Heritage Foundation health policy expert Edmund Haislmaier said HHS “exceeded its statutory authority” by issuing such waivers.Transparency is for show, not tell.
“The first problem is that it appears HHS has exceeded its statutory authority in creating this waiver process,” Haislmaier said in testimony before the House Oversight Committee’s subcommittee on Health Care. “The statute does not explicitly grant HHS authority to waive the application of this provision. In contrast, I count twenty-one other sections of PPACA [Patient Protection and Affordable Care Act] in which Congress did grant HHS explicit, new waiver authority with respect to specific provisions. Thus, it is reasonable to presume that if Congress had intended the department to institute a waiver process as part of its implementation of this particular provision, Congress would have said so in the statute.”
The Obama administration, which touts itself as the most transparent in American history, hasn’t answered many questions about who’s been getting waivers and why, who’s been denied and why or who’s still in line.
But the Obama administration is not the only Democratic group who impose some terrible policy on their constituents and then uses their power to grant selected entities exemptions from those restrictions. Illinois governor Pat Quinn singed a law raising the personal income tax rate 67% and the corporate tax rate to 9.5%. There were predictions at the time that the higher tax rate would drive companies to leave Illinois. So we've witnessed a steady stream of Illinois companies of threatening to leave the state and then being granted corporate subsidies by the governor to keep them in Illinois.
The ink was barely dry on the new taxes before major employers announced their unhappiness. The equipment giant Caterpillar, the spinal cord of the Peoria economy, says the higher business and personal income taxes will cost the company and its 23,000 Illinois employees $40 million a year. "I want to stay here, but as the leader of this business I have to do what's right for Caterpillar when making decisions about where to invest," CEO Doug Oberhelman said in the wake of the tax increase, adding that Illinois "is not favorable to business."Note the policy shift. They passed a higher corporate tax rate because Illinois is in desperate financial straits. however, it is the large companies that have the political pull to yank the governor's chain. The last thing he needs is for there to be a regular drip-drip of stories about large employers leaving the state. So he shells out the corporate welfare.
Caterpillar has long built new facilities outside Illinois to avoid the United Auto Workers, most recently in Texas. And after the Quinn tax hike, at least six states—from Virginia to zero income tax South Dakota—offered lower costs if the firm relocated. Caterpillar is staying put for now.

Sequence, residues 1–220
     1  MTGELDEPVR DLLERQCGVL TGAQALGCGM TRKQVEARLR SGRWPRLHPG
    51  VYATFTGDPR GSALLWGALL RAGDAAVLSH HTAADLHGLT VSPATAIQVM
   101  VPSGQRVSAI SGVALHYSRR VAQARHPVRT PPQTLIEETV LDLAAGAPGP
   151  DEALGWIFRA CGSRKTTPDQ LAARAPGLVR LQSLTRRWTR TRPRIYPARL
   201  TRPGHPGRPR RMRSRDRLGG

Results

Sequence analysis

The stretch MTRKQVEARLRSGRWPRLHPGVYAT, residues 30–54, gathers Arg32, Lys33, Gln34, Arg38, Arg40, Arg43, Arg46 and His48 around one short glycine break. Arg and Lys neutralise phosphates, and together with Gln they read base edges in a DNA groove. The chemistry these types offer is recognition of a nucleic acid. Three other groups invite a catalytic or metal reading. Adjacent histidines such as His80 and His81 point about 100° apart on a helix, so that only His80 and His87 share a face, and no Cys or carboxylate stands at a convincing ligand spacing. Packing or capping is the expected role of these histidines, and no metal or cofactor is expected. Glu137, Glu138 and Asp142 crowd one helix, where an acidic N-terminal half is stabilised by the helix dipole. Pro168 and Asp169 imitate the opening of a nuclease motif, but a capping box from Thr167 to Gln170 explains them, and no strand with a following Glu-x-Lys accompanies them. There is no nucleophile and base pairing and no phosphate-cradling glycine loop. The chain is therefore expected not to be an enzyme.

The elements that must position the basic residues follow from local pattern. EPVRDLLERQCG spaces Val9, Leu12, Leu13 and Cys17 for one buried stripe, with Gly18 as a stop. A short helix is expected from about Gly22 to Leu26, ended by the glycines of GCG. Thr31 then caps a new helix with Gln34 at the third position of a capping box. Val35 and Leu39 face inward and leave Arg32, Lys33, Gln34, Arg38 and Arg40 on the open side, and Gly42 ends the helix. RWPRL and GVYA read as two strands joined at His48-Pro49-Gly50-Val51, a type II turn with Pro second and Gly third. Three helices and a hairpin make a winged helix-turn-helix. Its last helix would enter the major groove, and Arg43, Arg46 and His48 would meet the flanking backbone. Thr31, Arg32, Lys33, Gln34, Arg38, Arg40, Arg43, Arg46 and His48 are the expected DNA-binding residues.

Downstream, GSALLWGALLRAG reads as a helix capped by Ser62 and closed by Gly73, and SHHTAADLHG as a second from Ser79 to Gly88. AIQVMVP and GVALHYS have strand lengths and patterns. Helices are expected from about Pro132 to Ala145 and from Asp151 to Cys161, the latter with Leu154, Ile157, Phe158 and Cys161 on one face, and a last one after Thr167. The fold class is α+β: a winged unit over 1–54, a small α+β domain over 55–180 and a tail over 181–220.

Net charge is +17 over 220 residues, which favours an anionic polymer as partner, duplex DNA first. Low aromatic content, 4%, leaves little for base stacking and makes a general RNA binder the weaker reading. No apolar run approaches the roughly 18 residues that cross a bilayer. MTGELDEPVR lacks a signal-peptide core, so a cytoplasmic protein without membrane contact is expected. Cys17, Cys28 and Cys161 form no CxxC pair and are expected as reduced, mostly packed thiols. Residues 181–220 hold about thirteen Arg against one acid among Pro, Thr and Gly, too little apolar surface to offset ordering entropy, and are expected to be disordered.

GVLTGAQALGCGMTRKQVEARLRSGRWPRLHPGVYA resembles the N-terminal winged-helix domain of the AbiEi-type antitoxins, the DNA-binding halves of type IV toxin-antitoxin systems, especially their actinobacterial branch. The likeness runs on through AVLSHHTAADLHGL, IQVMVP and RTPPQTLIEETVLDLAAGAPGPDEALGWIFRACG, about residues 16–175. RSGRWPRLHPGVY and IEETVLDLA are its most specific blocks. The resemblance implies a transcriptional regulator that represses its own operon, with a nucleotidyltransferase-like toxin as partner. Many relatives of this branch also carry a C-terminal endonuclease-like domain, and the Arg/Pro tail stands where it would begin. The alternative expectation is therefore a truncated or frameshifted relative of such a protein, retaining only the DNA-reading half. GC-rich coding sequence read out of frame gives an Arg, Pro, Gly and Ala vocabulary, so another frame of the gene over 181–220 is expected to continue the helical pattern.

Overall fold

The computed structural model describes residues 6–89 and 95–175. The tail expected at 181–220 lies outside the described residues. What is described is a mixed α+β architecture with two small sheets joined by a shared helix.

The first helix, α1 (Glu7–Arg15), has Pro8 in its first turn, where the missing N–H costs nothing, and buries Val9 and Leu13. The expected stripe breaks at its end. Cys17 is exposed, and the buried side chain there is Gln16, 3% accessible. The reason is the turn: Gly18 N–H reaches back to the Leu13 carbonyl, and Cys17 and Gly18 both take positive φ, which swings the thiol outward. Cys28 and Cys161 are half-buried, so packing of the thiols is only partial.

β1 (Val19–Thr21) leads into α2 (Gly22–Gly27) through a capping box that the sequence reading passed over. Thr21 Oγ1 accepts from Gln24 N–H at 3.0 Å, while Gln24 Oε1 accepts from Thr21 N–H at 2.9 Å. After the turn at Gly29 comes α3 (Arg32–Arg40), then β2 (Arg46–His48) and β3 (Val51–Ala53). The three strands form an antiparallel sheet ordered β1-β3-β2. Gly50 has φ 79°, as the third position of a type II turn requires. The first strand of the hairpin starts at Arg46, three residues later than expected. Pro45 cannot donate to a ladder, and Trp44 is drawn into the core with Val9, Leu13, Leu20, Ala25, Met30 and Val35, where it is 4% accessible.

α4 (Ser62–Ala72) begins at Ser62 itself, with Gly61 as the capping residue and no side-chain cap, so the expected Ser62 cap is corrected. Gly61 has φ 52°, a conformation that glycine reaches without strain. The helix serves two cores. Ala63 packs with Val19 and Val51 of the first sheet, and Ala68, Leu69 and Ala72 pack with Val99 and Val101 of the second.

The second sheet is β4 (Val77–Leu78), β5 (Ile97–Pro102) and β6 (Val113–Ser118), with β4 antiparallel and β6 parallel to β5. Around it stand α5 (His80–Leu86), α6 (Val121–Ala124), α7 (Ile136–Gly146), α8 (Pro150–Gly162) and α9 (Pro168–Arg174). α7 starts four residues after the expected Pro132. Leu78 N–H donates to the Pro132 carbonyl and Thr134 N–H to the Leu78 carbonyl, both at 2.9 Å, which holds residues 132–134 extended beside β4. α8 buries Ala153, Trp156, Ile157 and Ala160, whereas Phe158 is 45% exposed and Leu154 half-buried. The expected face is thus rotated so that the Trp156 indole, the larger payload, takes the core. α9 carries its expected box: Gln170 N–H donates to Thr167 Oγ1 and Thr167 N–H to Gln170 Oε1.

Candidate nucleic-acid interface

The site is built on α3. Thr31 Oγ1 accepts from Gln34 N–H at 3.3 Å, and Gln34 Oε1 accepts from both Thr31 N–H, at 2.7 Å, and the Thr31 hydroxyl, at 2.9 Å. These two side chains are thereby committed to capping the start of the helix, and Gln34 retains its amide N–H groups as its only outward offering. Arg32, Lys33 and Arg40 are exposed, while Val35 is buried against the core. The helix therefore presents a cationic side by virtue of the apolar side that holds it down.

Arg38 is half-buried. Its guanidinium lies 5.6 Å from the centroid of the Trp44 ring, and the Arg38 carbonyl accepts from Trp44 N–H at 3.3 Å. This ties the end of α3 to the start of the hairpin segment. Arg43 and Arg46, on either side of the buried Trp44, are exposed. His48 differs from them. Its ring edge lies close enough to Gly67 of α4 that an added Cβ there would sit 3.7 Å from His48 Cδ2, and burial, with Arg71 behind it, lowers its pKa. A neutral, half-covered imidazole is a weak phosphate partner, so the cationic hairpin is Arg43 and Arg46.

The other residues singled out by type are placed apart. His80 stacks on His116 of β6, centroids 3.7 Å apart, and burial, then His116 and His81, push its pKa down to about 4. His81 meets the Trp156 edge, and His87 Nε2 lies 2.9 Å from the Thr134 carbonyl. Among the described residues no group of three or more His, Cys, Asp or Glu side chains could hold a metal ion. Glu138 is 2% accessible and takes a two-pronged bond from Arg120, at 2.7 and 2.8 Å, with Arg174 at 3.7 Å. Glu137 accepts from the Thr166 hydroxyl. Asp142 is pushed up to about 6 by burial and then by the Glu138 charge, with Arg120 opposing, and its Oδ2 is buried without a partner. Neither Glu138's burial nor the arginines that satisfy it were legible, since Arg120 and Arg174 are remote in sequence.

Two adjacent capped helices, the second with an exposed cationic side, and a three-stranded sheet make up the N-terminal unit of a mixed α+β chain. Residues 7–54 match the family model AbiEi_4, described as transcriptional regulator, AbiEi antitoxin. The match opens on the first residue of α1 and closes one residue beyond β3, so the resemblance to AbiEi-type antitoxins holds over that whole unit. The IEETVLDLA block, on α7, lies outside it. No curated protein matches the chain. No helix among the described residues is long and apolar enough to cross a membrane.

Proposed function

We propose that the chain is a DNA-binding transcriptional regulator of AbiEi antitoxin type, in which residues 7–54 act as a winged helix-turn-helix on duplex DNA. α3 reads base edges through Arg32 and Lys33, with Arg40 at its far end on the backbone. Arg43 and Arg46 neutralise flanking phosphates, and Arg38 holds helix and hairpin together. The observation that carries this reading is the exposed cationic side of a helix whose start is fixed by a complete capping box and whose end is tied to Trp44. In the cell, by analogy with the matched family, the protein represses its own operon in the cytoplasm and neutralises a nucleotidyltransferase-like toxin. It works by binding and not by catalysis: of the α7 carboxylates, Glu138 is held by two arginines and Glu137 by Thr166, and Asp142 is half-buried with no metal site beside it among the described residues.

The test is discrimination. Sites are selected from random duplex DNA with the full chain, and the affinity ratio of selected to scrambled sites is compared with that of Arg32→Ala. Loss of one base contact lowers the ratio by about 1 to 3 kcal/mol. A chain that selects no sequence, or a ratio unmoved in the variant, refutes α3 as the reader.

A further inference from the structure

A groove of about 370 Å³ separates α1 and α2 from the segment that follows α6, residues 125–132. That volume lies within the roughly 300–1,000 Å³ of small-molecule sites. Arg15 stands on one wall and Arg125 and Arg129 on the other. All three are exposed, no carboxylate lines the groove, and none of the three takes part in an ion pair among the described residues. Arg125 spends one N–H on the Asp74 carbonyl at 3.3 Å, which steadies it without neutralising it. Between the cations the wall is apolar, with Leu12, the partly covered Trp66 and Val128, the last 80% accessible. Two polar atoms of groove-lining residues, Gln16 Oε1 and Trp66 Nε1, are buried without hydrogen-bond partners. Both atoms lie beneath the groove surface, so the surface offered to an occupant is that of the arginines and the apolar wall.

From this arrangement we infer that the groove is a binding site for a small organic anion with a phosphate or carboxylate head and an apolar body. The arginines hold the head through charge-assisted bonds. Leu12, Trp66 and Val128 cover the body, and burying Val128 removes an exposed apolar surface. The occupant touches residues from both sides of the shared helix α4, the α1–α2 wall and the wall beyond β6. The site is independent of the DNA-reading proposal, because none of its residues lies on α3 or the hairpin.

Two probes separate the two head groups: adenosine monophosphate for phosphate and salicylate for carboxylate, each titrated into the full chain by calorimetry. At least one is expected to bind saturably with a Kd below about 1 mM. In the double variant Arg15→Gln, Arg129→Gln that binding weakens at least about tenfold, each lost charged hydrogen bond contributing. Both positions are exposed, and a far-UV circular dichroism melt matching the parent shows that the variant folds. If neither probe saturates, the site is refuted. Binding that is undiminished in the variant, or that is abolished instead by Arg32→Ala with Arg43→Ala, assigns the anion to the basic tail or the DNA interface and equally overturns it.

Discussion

When the cellphone business Motorola Mobility hinted this spring that it might leave for San Diego, Mr. Quinn bounced into action. "I know how to work with the big businesses," he declared to the media, as he rushed—taxpayer checkbook in hand—to keep the company in the state. Motorola pocketed $100 million in tax incentives last month to stay in Libertyville.
Mr. Quinn's latest quest is to keep Sears in the state. In May, the retailer—based in Hoffman Estates with some 6,000 workers—hinted that it may look for a new home because of expiring tax breaks. The suitors include Georgia, North Carolina, Tennessee, Texas and even New Jersey. "We will sit down with the Sears people," Mr. Quinn promised. "I'm sure we'll work something out."
No doubt he will, since in two years in office Mr. Quinn has doled out corporate welfare to at least 80 firms, costing the state nearly $500 million, according to a tally by the Chicago Tribune.
The ones who don't get the political favors are the small companies who don't have similar appeal.
Illinois voters who were sold the historic tax hike on grounds that profitable corporations should pay "their fair share" might wonder how tilting the playing field in favor of those with the highest-priced lobbyists is fair. "Why should we pay the taxes that Motorola and other corporations don't?" asks Jack Roeser, the owner of Otto Engineering, an employer of 600 workers in Carpentersville. Good question.And that was the whole point. What's the point of having power if you can't use it to dispense favors and reap a nice feedback loop when you need support running for reelection?
But for Mr. Quinn and the political class, this is precisely the point. Politicians love high tax rates because they can act as brokers to offer tax breaks to the lucky few. Mr. Quinn poses as a populist for unions and the Democratic left in supporting high tax rates, while he then takes credit a second time for doling out tax favors that he claims will keep jobs in the state.
The victims are the thousands of businesses that don't get the favors, and an overall state economy that is less attractive for employers. That's one reason Illinois has ranked 47th of the 50 states in job creation in the last decade, and has lost more private jobs (360,000) than the entire private work force of Delaware, according to the Illinois Policy Institute.
Illinois is proving what bookshelves full of studies have found: Handing out special favors one business at a time is politically corrupting and an ineffective economic development strategy. A sounder way to create jobs is to provide a welcome tax and regulatory climate for all businesses. Some states, such as Arizona, constitutionally prohibit politicians from granting special favors to a business or citizen.
That's a sharp contrast to Illinois, where all businesses are treated badly but, if the Governor deems you worthy, you get treated a little less badly than the others.